The convenient thing about the Upper Kern is that it runs alongside a highway and can be rafted in sections, with rapids varying from Class IV-plus (for advanced rafters) to Class II (for beginners).

The section being run by Snow and her father was a Class II-III section. And Snow was allowed to run that section only after she had demonstrated good paddling skills on the Class II section.

Her death is being called a fluke by all of the outfitters in and around Kernville.

"She absolutely belonged there," said Kenny Bushling, manager of Kern River Tours. "She was a great paddler, a strong paddler, and she was having a lot of fun."

In any event, as a result of the publicity generated by Snow's death and the recent rash of drownings on other California rivers, many prospective rafters are having strong doubts. Some are canceling trips or rescheduling them for later in the summer, when the flows will be down.

Rescheduling is probably a good idea for those bringing small children, but for those who enjoy the thrill of rafting in fast water with big rapids, now is the time.

Or so say the outfitters, who feel they've been getting a bad rap by the media.

"People are thinking that if they go rafting they're going to get hurt," said Diane Strachan, a guide and spokeswoman for California Outdoors, a trade association that represents 50 outfitters in California. "What needs to be said is that this has been the best whitewater season in more than 10 years and it still is.

"What is happening is, private boaters who don't have the experience or skills necessary to raft in this kind of water are venturing into spring-flow conditions that only the professionals are used to. These are not unusual flows. What is unusual is that they are happening this late in the season when it's so warm."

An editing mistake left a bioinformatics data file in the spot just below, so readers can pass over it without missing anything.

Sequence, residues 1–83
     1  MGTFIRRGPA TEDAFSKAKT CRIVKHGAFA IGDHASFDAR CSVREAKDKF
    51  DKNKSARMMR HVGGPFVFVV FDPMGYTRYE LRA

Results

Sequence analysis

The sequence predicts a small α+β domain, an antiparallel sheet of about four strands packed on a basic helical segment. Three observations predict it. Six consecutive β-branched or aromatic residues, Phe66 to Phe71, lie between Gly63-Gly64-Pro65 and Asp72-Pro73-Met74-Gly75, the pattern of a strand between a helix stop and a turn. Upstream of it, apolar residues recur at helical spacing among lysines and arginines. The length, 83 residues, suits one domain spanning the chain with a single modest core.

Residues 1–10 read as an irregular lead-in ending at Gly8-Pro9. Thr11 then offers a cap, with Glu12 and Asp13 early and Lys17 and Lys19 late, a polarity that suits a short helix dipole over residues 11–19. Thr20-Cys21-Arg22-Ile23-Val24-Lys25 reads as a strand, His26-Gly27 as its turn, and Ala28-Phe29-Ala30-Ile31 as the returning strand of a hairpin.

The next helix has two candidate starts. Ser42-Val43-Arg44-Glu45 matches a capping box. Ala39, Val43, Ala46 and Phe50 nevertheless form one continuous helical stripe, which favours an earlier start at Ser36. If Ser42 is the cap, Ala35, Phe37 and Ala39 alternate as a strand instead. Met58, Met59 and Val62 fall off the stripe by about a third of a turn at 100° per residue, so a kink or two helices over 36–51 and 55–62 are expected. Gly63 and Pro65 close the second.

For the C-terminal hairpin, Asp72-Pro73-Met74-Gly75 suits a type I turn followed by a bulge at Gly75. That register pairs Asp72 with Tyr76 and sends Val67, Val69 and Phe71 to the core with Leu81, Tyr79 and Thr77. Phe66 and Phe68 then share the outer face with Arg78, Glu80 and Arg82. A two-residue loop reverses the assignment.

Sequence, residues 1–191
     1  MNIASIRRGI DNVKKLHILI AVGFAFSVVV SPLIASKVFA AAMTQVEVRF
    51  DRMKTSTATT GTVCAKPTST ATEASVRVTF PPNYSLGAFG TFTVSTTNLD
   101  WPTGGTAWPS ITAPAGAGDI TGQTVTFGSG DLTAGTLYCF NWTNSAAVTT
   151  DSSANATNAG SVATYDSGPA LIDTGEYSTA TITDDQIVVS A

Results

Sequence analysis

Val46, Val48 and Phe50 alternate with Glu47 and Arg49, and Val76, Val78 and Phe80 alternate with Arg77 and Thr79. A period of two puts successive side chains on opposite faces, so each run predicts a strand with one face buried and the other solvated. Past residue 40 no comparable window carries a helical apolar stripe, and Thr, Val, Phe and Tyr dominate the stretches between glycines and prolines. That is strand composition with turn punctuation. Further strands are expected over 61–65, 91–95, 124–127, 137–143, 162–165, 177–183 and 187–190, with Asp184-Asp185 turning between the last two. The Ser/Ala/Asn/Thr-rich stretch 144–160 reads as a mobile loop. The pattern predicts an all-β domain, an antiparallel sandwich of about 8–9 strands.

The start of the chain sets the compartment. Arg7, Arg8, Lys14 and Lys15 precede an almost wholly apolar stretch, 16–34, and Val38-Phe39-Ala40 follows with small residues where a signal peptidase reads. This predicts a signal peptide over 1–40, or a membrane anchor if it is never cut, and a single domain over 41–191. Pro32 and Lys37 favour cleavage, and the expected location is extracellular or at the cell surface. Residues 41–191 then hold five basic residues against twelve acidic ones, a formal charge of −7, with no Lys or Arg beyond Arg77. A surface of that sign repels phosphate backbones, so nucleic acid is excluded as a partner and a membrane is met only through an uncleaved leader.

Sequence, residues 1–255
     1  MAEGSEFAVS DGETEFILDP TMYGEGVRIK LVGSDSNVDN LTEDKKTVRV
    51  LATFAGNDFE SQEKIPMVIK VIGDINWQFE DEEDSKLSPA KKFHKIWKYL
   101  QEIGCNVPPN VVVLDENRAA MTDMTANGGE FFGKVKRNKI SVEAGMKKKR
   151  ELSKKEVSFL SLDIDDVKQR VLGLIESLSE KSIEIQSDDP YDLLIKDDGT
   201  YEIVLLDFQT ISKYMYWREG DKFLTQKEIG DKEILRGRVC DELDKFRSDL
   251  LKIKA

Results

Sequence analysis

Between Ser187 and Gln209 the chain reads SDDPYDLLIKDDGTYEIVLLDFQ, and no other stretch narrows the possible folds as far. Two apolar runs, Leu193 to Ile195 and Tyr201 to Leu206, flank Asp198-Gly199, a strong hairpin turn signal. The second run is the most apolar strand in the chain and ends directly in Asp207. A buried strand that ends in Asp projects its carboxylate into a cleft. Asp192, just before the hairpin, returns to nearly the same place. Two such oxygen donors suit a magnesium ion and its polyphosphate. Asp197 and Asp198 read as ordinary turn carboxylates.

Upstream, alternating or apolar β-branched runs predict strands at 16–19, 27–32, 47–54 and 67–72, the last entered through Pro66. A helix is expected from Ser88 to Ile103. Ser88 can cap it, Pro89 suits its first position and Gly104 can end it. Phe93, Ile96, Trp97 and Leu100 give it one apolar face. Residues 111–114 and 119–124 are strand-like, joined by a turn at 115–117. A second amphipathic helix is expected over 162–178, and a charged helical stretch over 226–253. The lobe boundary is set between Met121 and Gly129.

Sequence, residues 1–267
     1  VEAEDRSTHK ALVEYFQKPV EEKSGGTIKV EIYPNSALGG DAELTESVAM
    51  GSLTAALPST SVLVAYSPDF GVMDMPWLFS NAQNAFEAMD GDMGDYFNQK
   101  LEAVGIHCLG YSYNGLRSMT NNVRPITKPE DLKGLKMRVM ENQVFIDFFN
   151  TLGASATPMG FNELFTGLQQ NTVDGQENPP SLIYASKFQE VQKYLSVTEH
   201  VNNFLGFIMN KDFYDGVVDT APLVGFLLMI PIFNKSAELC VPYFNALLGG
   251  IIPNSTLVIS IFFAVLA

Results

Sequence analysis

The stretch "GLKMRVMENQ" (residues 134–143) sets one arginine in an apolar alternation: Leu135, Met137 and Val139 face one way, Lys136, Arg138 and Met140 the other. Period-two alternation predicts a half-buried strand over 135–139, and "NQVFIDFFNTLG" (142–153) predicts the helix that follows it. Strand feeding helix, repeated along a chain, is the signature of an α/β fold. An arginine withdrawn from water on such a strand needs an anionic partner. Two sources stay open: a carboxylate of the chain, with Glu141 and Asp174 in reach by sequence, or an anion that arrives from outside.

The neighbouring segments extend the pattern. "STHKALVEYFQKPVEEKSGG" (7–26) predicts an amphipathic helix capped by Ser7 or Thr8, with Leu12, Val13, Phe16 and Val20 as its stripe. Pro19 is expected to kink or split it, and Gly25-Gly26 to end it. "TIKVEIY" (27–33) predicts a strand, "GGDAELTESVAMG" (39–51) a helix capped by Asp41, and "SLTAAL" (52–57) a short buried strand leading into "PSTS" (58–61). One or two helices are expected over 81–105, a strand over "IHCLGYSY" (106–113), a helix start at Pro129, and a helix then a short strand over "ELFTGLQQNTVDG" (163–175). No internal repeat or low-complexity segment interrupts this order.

Jim Ritter, president of Point Reyes-based Outdoor Adventures, one of the largest outfitters in the state, pointed out that the four outfitters licensed to run the Kern--the most popular among Southlanders because of its proximity--had taken nearly a million customers down the river without a fatality caused by drowning.

He added that the four companies were selected by the U.S. Forest Service among several companies that submitted bids for permits to run the Kern because of their reputations, not by chance.

"A big criteria for the Forest Service is, 'What is in the best interest of the public?' " Ritter said. "And the No. 1 priority by far is the safety of the public."

There's no question that this June is wilder than last June, Ritter acknowledged, but every season is different and all the major outfitters make adjustments from week to week throughout each season according to water flows.

Currently, for example, nobody is running the rollicking Forks of the Kern above Kernville because that stretch is considered too dangerous. When the Forks are runable, customers must have rafting experience and pass a fitness test that includes a brief swim in the river.

On the Upper Kern, which is flowing at a rate of about 5,800 cubic feet per second (last year at this time it was running between 3,200-3,500 cfs), clients are screened according to age and ability by guides who are continually studying the river.